In the winter of 1964, Brian suffered a nervous breakdown, and retired from touring with The Beach Boys, while remaining their principal songwriter and producer.

Brian was briefly replaced by Glen Campbell (yes, that Glen Campbell) in the touring lineup – and later by Bruce Johnston – while he stayed at home making massive hits for the band.

1965: Drugs and separation

Brian Wilson in the 1960s
Brian Wilson in the 1960s. Picture: Getty Images

Off the road, and away from the bubble of his family, the ridiculously talented Brian Wilson was a man very much in demand.

He made the occasional one-off performance with the Beach Boys, but was otherwise allowed to get on with his work, as well as meeting with figures from the culture – and the counterculture.

Despite previously being anti-drugs, Brian leapt into the use of mind-bending substances. He leapt from marijuana into LSD, and was never quite the same again.

The Beach Boys- California Girls (1965)

"I had what I consider to be a very religious experience," Brian said. "I took LSD, a full dose of LSD, and later, another time, I took a smaller dose. And I learned a lot of things, like patience, understanding."

With the positive came negative, too.

While the influence helped Brian write some of greatest works like 'California Girls', he also became intensely paranoid which, along with his absence from the touring group put a wedge between him and his bandmates.

1966: Brian Wilson is a genius and Pet Sounds

The Beach Boys - God Only Knows (Official Music Video)

"Brian Wilson is a genius," was a slogan coined by The Beatles' former press officer Derek Taylor to help promote Pet Sounds, the masterpiece Wilson had mainly written with ad jingle lyricist Tony Asher.

The thing is, it was true.

And when you're being told you're a genius, and it's your genius propelling your band to the next level, that's an awful lot to live up to.

Brian Wilson recording Pet Sounds
Brian Wilson recording Pet Sounds. Picture: Getty Images

And if you're one of the band who is being told that you're not a genius, that can't help band relations, either.

Pet Sounds was seen by many – including Brian on occasion – as a Brian Wilson Solo Album in all but name.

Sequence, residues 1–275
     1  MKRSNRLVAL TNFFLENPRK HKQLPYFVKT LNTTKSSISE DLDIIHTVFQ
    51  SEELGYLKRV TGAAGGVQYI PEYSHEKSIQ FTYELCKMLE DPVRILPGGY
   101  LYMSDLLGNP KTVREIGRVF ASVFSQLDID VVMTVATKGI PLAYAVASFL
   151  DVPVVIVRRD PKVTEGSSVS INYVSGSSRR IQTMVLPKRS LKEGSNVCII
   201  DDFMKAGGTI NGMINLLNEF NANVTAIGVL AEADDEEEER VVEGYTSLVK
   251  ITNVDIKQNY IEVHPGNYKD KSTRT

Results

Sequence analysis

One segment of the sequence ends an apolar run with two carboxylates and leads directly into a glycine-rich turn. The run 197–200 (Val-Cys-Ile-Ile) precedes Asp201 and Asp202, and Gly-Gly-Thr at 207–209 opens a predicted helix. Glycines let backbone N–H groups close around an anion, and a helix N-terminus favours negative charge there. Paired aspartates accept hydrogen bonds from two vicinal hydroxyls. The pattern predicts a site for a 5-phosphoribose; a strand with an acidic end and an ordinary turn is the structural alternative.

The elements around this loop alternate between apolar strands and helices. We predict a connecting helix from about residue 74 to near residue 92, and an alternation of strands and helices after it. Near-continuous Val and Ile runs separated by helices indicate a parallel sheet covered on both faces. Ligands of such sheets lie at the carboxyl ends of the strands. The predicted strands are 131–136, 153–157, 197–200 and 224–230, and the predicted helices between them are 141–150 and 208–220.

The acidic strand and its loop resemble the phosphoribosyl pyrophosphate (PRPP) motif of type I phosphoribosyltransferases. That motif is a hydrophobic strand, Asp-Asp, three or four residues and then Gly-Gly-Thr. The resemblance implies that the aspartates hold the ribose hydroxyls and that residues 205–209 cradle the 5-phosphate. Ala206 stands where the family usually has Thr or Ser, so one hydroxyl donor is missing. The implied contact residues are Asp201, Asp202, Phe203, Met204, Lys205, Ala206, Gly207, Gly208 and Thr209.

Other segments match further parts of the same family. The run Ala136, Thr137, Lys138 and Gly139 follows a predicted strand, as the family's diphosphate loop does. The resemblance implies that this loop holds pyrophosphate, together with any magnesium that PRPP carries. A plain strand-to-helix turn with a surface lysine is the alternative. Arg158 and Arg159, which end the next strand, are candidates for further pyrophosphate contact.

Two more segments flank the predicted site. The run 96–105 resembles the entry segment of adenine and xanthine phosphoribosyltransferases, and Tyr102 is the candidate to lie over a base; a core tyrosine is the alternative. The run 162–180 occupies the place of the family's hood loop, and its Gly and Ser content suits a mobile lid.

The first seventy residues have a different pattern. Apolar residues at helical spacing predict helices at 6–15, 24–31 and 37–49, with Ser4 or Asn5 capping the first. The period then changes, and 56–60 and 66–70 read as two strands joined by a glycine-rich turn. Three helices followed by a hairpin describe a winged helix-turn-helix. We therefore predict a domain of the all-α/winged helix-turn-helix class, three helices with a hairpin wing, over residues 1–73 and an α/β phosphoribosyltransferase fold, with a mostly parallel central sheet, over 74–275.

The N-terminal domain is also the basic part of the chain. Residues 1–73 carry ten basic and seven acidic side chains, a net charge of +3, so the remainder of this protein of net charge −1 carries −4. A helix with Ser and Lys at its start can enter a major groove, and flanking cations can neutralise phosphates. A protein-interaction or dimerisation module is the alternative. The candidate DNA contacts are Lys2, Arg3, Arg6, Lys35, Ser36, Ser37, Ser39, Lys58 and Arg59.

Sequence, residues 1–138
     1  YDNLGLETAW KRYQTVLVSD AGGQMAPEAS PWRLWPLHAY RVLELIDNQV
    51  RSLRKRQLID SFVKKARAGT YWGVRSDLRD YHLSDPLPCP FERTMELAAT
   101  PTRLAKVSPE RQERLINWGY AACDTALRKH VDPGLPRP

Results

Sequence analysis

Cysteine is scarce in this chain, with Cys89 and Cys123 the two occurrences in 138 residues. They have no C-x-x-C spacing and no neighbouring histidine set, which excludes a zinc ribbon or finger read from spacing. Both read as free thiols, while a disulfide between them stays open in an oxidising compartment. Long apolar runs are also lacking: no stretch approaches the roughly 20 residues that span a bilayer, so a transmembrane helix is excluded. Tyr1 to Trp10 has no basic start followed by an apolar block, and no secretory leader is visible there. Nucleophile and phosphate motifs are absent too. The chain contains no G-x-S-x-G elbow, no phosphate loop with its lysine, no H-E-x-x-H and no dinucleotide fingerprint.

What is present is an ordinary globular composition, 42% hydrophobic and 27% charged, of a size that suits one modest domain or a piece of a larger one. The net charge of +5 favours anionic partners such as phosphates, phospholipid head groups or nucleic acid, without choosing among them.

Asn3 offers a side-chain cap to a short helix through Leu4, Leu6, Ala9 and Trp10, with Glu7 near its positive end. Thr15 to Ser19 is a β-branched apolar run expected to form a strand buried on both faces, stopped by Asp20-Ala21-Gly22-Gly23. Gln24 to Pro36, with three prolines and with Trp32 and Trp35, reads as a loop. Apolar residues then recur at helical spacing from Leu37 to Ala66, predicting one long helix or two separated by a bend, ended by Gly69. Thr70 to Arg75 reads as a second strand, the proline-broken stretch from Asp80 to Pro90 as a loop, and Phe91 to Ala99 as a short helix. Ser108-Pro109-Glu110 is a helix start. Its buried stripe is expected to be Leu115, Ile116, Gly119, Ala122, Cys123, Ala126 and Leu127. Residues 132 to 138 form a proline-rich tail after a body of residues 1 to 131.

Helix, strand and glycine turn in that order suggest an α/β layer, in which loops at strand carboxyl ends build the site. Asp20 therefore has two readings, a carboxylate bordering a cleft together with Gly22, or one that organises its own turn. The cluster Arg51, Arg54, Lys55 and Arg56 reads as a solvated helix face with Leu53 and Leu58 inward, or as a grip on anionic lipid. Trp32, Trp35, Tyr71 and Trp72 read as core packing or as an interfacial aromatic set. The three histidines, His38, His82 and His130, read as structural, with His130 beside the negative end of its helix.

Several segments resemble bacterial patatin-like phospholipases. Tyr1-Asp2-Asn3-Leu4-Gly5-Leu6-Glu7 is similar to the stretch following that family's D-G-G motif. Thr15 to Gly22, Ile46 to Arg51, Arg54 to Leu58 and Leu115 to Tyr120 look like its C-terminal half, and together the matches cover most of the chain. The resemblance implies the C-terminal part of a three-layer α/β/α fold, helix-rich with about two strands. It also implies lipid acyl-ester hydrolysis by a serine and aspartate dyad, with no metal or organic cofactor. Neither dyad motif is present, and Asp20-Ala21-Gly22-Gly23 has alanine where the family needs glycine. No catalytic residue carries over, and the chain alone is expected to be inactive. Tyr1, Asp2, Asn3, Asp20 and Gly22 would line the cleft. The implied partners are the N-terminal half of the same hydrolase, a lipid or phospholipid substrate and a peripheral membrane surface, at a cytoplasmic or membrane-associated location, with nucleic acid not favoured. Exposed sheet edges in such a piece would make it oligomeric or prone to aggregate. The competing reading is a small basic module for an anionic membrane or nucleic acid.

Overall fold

In fact, apart from Mike Love who took a few phone calls direct from Bri, the rest of the band weren't in the loop at all when the album was being conceived, with its sound being very different from the surf rock that came before.

Much of Pet Sounds was recorded before they even came into the studio.

The Beach Boys - Wouldn't It Be Nice

In the years since, there's been differing views on how the band reacted to this massive change in direction, and of being cut out of much of the recording process.

Mike Love and Al Jardine were said to think the music was too "arty" for The Beach Boys. All of the band (and especially Mike) had some reservations about the oblique lyrics.

Dennis and Carl have insisted that they all loved Brian's material. Al has admitted on the record to being blindsided by the changes.

Caroline, No

Mike has admitted since that he wished he could have more of his lead vocals on the record, while Brian has said of dominating the singing himself: "I wanted people to know it was more of a Brian Wilson album than a Beach Boys album."

There were apparently fears among the band that Brian would use the record to launch a solo career, a not unreasonable assumption given that the album's closing song 'Caroline, No' had been released as a solo Brian Wilson single.

As it was, Brian stuck with the band... for a while at least.

1966: Smile and Smiley Smile. Good Vibrations and Bad Vibrations

The Beach Boys - Good Vibrations (Official Music Video)

Spurred on by his rivalry with The Beatles and Paul McCartney in particular, being hailed as a genius by everyone who spoke to him (and having his bandmates look on jealously), Brian set to work in eclipsing Pet Sounds.

He got as far as 'Good Vibrations', which he wrote the music for and produced, though it's definitely worth noting that Mike Love wrote the lyrics, inspired by the burgeoning psychedelic movement in San Francisco, as well as adding his all-important deep vocals in the chorus.

"The track itself was already so avant-garde, especially with the theremin, that I wondered how our fans were going to relate to it. How’s this going to go over in the Midwest or Birmingham?," Mike told Uncut years later.

The Beach Boys - Vegetables (Visualizer)

"It was such a departure from 'Surfin' USA or 'Help Me Rhonda'. So I thought the one thing that everyone can relate to is boy-girl. You know, 'she’s giving me excitations'.

"Had that track not had anything to connect to people intellectually or emotionally, then it would have been a brilliant piece of music, but perhaps not gone to No 1."

For his part, Brian has also given plenty of credit to his bandmates.

"The other Beach Boys had a lot of input. We got together and had a discussion beforehand," he said.

"We all wanted to do something different, make some music that would last forever. Not just surf songs and car songs. It was all about creating lasting music."

'Good Vibrations' achieved all that and more, but it was to be an un-toppable peak. Inevitably, they would never quite manage to reach those heights again.

The Beach Boys SMiLE Sessions - Heroes and Villains Music Video

In collaboration with lyricist Van Dykes Parks, Brian Wilson set to work on Pet Sounds follow-up SMiLE. Ever the perfectionist, the release kept being pushed back further and further as Brian refused to stop tinkering.